From 1934 to 1971 with the blessing of George V 1,500 bargeloads of sand were dumped by Tower of London creating at beach attracting 100,000

Laid out in the 1980s the Wood Lane Estate, Sudbury Hill has 11 streets named after sportspeople: Lilian Board Way; Mary Peters Drive etc

Maida Vale was the first Tube station to be manned without men – opened in 1915 with an all-female staff because of the First World War

The Greenwich Time Ball has several dents after renovations, builders assumed the historic ball was for the skip and played football with it

On 8 December 1954 a huge tornado ripped through Chiswick, Gunnersbury, Acton, Golders Green and Southgate

CabbieBlog-cab.gifTrivial Matter: London in 140 characters is taken from the daily Twitter feed @cabbieblog.
A guide to the symbols used here and source material can be found on the Trivial Matter page.

You either love, or hate it

Today we expect the West End’s shopping streets to put up a show at Christmas, but during the 1960s this wasn’t the case, with only Oxford Street entering into the festive spirit.

The Regent Street Association realising their less prestigious cousin was taking all the compliments were not to be It’s that time of year when we expect Oxford and Regent Street to display for their customers a version of Christmas, and this year, for Oxford Street’s 60th anniversary, we’re promised an ‘environmentally-focussed’ event, reassuring their customers that no polar bears have been harmed in its production.

In the past we have been treated to some seasonal favourites: Marmite that much loved Christmas dinner treat and Regent Street was once given over to the soft drink Tango, which showered the area with bright orange bulbs and banners bearing the message “Tis the season to be Tango’d”.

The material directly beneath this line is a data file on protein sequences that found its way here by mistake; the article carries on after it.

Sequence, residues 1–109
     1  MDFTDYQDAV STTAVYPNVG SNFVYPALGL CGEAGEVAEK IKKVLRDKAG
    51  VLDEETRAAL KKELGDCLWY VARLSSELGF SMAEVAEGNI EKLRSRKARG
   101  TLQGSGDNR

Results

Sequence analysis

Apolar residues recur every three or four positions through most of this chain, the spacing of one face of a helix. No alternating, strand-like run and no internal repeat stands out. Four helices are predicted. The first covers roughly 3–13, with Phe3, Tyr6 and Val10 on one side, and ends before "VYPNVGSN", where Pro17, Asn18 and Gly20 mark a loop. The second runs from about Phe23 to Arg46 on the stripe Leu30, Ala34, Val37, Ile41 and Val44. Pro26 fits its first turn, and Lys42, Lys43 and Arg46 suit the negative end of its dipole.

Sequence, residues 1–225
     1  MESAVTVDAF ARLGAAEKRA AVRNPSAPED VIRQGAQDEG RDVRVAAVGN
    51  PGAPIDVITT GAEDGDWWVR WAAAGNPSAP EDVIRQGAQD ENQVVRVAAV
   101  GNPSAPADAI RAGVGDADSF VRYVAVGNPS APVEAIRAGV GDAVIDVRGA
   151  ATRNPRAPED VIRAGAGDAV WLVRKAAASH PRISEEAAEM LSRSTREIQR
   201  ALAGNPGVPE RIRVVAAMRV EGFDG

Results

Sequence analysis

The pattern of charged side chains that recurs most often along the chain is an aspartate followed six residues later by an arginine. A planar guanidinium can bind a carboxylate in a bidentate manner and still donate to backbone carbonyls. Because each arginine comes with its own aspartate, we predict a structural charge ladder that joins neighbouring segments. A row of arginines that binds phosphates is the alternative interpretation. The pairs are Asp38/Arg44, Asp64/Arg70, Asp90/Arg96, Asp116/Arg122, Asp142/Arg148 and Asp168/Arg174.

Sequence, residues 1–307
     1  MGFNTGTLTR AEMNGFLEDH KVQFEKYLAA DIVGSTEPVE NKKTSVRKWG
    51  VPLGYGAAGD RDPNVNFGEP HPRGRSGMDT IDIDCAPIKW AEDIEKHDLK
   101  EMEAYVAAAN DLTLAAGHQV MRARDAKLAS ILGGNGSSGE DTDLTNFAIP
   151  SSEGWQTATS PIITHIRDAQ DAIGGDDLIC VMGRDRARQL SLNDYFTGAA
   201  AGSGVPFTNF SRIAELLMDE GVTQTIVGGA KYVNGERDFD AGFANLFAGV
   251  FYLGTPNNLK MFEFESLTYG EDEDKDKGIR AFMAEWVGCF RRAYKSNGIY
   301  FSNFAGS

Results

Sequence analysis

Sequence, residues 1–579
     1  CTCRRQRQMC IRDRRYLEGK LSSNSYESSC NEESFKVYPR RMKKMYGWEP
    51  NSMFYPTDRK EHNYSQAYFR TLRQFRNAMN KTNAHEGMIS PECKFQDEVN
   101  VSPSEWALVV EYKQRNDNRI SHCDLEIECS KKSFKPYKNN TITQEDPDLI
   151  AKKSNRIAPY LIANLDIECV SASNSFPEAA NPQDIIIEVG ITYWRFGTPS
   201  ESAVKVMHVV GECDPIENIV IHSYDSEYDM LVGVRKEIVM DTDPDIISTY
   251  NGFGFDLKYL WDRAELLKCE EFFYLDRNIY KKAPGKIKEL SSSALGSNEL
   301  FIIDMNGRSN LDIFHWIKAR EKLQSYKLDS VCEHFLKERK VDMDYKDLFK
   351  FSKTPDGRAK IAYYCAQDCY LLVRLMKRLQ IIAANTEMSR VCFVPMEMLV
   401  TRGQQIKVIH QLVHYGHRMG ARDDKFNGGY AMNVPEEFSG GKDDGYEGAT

Today advertisers hold sway, but during the 1960s this wasn’t the case. Only Oxford Street entering into the festive spirit, the Regent Street Association realising their less prestigious cousin was taking all the compliments were not to be outdone. They hired a well-known Italian designer charged with producing a ‘tasteful’ display to rival their competitor.

His solution was to produce giant white flying angels made out of papier-mâché posed with their faces looking down serenely at the crowds below.

London in those days was renowned for rain, in fact, you could spot an American a mile-off for they came here prepared for their visit wearing the ubiquitous white raincoat, Columbo style.

This particular November had seen an exceptional amount of rain, even by London standards.
The Italian designer just hadn’t taken in the fact that Northern Europe is considerably damper than the Mediterranean. Soon the press was running the story about Pregnant Angels, no doubt to the amusement of Oxford Street retailers.

Journalist and author Alf Townsend takes up the story:

I noticed a guy done up in heavy waterproof gear and wearing a yellow sou’wester. He was sitting on a cart that Westminster Council road sweepers used in those days and I thought to myself, “this bloke is out late”. He came over to ask for a light and we got talking. He said his job started after the traffic had died down and, picking up this long pole with a wicked-looking blade at the end, he told me that the pole could reach some 40 feet when it was extended. His job was to pierce the angel’s tummies and let the water out – hence his heavy waterproofs! We had a good laugh over it – especially when he said the guys back at the depot called him, “the Holy Terminator”.

The Regent Street ‘Angels’ can be found on the Guardian’s vintage photographs of Christmas in London.

Featured image: Regent Street – Angel Christmas Lights (2016-2018). The theme is angels, inspired by the first Regent Street Christmas lights in 1954, by Oast House Archive (CC BY-SA 2.0).

Sprucing up London